Impaired cerebral autoregulation during upright tilt in patients with severe brain injury

Christian Riberholt Hansen, Niels Olesen, Mira Thing , Carsten Bogh Juhl, Jesper Mehlsen, Tue Hvass Petersen


Objectives: Upright tilt is an important tool for early mobilization of patients after severe acquired brain injury (ABI). Early mobilization is considered to be of importance for increasing awareness, in the prevention of contractures and pulmonary infections and to improve long-term outcome. A challenge for early mobilization is orthostatic instability that is often observed during heap-up tilt, which could lead to decreased cerebral blood flow velocity (CBFV) and decreased long-term outcome. We examined cerebral blood flow autoregulation in patients with severe brain injury and impaired consciousness using a tilt table and compared the results to those of healthy volunteers. Methods: Fourteen patients (seven men, mean age = 56.6 ± 17.5 years) with severe ABI and 15 healthy volunteers (seven men, mean age = 36.1 ± 12.5 years) were included. The CBFV was measured by Transcranial Doppler in the middle cerebral artery and expressed as the flow velocity. Continuous arterial blood pressure (ABP) was recorded from the index finger using photoplethysmography. CBFV autoregulation was determined by the correlation between CBF and BP. An estimated cerebral perfusion pressure (CPP) was established through an equation, taking into account the hydrostatic pressure during head-up tilt. After 30 minutes of resting, baseline values were obtained as the mean of 5 minutes. The subjects were then tilted head-up to 30, 60 and 80° with a 1 minute interval and remained at 80° for 20 minutes or until the occurrence of significant haemodynamic changes, i.e. a decrease in systolic BP > 20 mmHg, diastolic BP > 10 mmHg or an increase in heart rate > 30 bpm. Measurements were continued in the subsequent supine position to ensure a total recording period of 30 minutes. Cerebral autoregulation was assessed by calculating the mean flow index (Mx) between CBFV and MAP (Mxa) or CPP (Mxc). Spectral analysis of the HR variability was used to investigate baroreflex activity. Results: In the supine position, MAP and HR were higher in the patients compared to the controls (p = 0.0004 and p < 0.0001, respectively) and the CBFV were lower in the patients (p < 0.001). The patients showed a significant increase in the Mxc index during head-up tilt pointing at impaired autoregulation (p = 0.001). Spectral analysis of HR variability in the frequency domain revealed significant lower magnitudes of ~ 0.1 Hz spectral power in patients compared to healthy control, indicating baroreflex dysfunction in patients. Conclusions: Patients with severe ABI and orthostatic instability during head-up tilt show unco-ordinated loss of autoregulation of cerebral blood flow more than 1 month after the accident. Interventions addressing this challenge are warranted.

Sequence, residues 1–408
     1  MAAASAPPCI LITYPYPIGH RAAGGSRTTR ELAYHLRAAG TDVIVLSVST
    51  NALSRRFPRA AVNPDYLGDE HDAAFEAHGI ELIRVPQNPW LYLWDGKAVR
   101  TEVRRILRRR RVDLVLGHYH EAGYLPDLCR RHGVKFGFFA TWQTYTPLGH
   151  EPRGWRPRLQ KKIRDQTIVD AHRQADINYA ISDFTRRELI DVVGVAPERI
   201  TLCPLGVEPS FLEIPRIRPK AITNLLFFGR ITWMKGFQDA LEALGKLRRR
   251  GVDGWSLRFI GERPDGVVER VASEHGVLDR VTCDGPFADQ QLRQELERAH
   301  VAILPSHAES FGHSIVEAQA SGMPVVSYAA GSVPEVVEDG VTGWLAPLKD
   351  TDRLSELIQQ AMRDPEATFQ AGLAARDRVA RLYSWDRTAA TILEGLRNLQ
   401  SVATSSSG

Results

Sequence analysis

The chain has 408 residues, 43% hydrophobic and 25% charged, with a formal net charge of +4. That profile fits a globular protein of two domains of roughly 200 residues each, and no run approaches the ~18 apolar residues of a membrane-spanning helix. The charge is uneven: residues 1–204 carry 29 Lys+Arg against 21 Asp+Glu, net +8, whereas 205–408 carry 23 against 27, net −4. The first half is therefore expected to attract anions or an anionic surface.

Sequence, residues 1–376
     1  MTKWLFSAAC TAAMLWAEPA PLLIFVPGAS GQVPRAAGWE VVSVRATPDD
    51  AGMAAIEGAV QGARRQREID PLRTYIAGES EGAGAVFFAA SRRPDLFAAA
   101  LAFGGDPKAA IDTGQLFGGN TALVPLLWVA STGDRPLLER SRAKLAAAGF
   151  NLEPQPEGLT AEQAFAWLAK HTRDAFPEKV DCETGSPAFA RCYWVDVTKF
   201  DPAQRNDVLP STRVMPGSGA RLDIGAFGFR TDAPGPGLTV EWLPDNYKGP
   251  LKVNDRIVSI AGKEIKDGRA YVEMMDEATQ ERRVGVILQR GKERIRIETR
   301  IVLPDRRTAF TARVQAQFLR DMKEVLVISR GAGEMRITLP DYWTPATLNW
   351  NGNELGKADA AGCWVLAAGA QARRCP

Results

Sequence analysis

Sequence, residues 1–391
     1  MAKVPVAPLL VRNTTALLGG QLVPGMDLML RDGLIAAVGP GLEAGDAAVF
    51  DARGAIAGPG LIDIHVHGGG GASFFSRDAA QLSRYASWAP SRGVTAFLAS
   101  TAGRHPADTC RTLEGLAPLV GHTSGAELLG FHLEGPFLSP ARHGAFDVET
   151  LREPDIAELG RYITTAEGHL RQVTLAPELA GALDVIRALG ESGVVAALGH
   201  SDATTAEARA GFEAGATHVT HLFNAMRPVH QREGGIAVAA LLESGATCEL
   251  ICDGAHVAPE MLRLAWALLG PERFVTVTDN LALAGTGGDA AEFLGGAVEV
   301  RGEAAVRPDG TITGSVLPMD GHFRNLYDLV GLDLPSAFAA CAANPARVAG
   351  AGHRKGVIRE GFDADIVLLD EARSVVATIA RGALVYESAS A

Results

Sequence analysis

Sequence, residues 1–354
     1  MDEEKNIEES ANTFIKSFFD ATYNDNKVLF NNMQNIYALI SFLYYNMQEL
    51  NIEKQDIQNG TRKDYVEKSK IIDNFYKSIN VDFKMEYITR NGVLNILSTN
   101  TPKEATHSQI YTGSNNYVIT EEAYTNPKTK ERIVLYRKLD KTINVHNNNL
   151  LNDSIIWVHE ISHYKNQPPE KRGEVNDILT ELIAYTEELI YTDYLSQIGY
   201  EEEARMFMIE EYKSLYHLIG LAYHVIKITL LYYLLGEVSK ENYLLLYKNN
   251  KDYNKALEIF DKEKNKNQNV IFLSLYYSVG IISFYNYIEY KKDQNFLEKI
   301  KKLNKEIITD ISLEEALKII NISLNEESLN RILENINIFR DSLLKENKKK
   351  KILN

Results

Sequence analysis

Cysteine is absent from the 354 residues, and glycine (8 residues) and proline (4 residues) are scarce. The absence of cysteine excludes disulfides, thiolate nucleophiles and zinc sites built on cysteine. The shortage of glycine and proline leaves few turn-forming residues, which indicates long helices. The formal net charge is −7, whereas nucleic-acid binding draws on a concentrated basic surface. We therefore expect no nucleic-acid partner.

Translated title of the contributionNedsat cerebral autoregulation under stand i vippeleje hos patienter med svær hjerneskade
Original languageEnglish
Publication date19 May 2016
Number of pages1
Publication statusPublished - 19 May 2016
EventTHE ELEVENTH WORLD CONGRESS ON BRAIN INJURY - The World Forum Conference Center, Den Haag, Netherlands
Duration: 3 Mar 20166 Mar 2016


LocationThe World Forum Conference Center
CityDen Haag

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